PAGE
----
Government and human capital in a model of development through modernization and specialization
AbstractEconomic development is associated with the shift of production from the traditional sector (e.g. traditional agriculture and the urban informal sector) to the modern sector (e.g. modern manufacturing and commercial agriculture). Human capital accumulation, particularly, education and job training of skilled workers, is a crucial factor in the modernization of an economy. Several institutions such as the protection of property rights and the strength of the rule of law also are considered essential. Thus, the government has an important role as the main provider of 'institution-maintaining' services, although it often faces a difficulty in providing adequate amounts of the services due to costly hiring of educated officers and tax avoidance. This paper analyzes interactions among taxation, the provision of the public services, human capital accumulation, and modernization, based on a dynamic dual economy model, which draws on the Becker and Murphy (1992) model of skill and task specialization, and examines conditions for successful development. Distributions of political power and wealth as well as sectoral productivities and the cost of education affect the outcome qualitatively. In particular, the socially desirable distribution of political power is such that educated (uneducated) individuals should have dominant power at an early (late) stage of development. Further, it is shown that several novel or overlooked inefficiencies arise naturally from realistic features of the model and appropriate redistribution can correct the inefficiencies except at a fairly early stage of development.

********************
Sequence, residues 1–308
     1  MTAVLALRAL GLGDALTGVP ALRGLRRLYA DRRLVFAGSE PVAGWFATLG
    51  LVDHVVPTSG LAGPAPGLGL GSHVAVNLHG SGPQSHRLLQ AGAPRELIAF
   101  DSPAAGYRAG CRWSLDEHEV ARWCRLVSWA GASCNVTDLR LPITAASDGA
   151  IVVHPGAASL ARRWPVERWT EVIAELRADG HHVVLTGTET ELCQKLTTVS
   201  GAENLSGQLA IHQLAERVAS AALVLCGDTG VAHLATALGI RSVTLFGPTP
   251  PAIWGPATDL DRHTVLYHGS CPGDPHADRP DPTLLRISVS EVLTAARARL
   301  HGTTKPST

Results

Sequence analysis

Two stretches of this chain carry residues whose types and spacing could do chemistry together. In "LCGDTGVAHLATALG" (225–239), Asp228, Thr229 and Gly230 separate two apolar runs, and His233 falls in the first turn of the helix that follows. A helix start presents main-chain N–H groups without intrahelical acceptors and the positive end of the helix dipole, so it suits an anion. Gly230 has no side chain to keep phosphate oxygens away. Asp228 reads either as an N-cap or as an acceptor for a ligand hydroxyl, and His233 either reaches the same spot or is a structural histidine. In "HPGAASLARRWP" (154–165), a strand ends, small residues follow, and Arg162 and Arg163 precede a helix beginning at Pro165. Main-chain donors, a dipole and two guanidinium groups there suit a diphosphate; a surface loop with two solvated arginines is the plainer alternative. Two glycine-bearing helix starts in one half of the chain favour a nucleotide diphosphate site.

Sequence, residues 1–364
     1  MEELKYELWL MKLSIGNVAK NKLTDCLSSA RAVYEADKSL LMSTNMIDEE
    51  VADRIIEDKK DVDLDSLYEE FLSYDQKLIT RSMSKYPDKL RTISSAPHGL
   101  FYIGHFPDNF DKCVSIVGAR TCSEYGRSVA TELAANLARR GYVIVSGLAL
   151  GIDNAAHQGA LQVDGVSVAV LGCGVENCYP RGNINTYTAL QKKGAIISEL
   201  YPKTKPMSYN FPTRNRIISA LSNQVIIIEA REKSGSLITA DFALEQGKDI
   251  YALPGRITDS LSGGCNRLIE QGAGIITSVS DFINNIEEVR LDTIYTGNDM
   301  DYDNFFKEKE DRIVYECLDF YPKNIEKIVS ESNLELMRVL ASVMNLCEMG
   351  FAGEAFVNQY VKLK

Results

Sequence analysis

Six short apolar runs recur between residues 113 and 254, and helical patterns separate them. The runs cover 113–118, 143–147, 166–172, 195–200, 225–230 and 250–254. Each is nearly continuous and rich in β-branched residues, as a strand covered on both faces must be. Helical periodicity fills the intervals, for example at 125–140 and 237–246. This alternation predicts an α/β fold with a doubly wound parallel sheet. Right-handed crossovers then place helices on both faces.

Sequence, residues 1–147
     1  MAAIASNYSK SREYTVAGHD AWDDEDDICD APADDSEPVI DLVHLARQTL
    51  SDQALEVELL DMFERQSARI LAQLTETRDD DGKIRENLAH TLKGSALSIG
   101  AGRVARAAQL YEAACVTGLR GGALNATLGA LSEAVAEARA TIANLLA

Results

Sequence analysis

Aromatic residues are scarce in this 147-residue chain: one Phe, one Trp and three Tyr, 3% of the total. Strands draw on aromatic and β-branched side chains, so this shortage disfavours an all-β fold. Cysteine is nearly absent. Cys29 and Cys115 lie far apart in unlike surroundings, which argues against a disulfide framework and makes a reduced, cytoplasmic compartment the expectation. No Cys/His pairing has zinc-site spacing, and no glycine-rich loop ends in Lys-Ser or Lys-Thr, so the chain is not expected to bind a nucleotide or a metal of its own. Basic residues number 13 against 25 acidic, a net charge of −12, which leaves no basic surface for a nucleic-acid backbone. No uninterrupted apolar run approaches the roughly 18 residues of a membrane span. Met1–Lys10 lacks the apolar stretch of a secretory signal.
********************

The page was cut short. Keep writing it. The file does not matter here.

Download InfoIf you experience problems downloading a file, check if you have the proper application to view it first. In case of further problems read the IDEAS help page. Note that these files are not on the IDEAS site. Please be patient as the files may be large.
Bibliographic InfoPaper provided by University Library of Munich, Germany in its series MPRA Paper with number 19760.
Date of creation: Dec 2009
Date of revision:
dual economy; government; human capital; inequality; overeducation; redistribution; specialization;
Find related papers by JEL classification:
- O11 - Economic Development, Technological Change, and Growth - - Economic Development - - - Macroeconomic Analyses of Economic Development
- O17 - Economic Development, Technological Change, and Growth - - Economic Development - - - Formal and Informal Sectors; Shadow Economy; Institutional Arrangements
- O15 - Economic Development, Technological Change, and Growth - - Economic Development - - - Economic Development: Human Resources; Human Development; Income Distribution; Migration
- H23 - Public Economics - - Taxation, Subsidies, and Revenue - - - Externalities; Redistributive Effects; Environmental Taxes and Subsidies
This paper has been announced in the following NEP Reports: